Republican Bollier, Democrat Bell agree on many of the policy questions facing Kansas

Amy Bell and Barbara Bollier fielded questions during a League of Women Voters forum Wednesday at Corinth Library. Photo by Bill Nichols
Amy Bell and Barbara Bollier fielded questions during a League of Women Voters forum Wednesday at Corinth Library. Photo by Bill Nichols

Democrat Amy Bell did not challenge incumbent Republican Barbara Bollier’s position on any policy question thrown at them during a Wednesday night forum. Bell acknowledged the agreement in her closing that she was “not particularly worried about District 21 – it’s going to be well represented no matter the outcome (of the election).”

The questions the candidates addressed Wednesday included:

Tax structure in Kansas – Bollier and Bell both advocated the “three-legged stool” of income, sales and property taxes. Bollier said she voted against the “march to zero” plan in Kansas that is lowering income taxes and called the results “regressive.” Bell said what keeps a plan fair is “that you and your neighbors are pulling their weight.” She said taking out income tax means “it’s not balanced.”

Laws to repeal – Asked which Kansas laws should be repealed, Bollier put the tax structure first, saying it is “causing significant hurt.” A retired physician, she also listed laws requiring medical misinformation, specifically one requiring women considering an abortion to be informed of a higher risk of breast cancer. She said the information is wrong medically. Bell also put the tax plan at the top of her repeal list and followed with gun control where she said “Topeka” had decided that they knew better than local communities on gun issues. She also listed the “abortion lie” saying she would repeal “anything that lessens a woman’s rights on our own body.”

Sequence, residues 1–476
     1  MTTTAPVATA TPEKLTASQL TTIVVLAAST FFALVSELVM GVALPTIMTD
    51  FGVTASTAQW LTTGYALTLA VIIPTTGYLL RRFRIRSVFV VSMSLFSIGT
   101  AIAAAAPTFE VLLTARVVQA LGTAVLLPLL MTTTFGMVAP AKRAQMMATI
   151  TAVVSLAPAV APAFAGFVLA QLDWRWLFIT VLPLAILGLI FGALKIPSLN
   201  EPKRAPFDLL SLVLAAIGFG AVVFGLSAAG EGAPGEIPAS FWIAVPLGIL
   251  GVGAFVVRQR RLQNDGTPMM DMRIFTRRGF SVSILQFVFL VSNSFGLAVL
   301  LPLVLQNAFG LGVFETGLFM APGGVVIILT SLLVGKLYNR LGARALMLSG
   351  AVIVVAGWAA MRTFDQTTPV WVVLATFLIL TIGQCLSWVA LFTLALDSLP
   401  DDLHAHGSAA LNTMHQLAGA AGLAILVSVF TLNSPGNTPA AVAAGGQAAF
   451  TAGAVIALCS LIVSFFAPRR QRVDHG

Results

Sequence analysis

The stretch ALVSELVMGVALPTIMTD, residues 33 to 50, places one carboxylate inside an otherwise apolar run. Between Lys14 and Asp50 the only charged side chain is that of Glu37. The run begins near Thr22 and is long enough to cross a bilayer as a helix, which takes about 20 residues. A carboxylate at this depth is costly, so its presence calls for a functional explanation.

Wind and alternative energy – Bell said wind energy is cheaper than coal and “creates jobs.” Bollier agreed and noted that she had voted against every attempt to repeal the renewable energy standards.

Judicial selection – Both opposed changes to judicial selection that would put more power in the executive branch.

Education – Both made statements in strong support of education funding. Bollier called it her number one issue and noted that she served three years on the education committee and that she has researched funding formulas around the country.

Bringing jobs to Johnson County – Bell said it needs to remain a place where people want to live. Bollier said the quality of life draws business.

In her closing, Bollier said she is passionate about her work in the legislature and wants to go back to Topeka.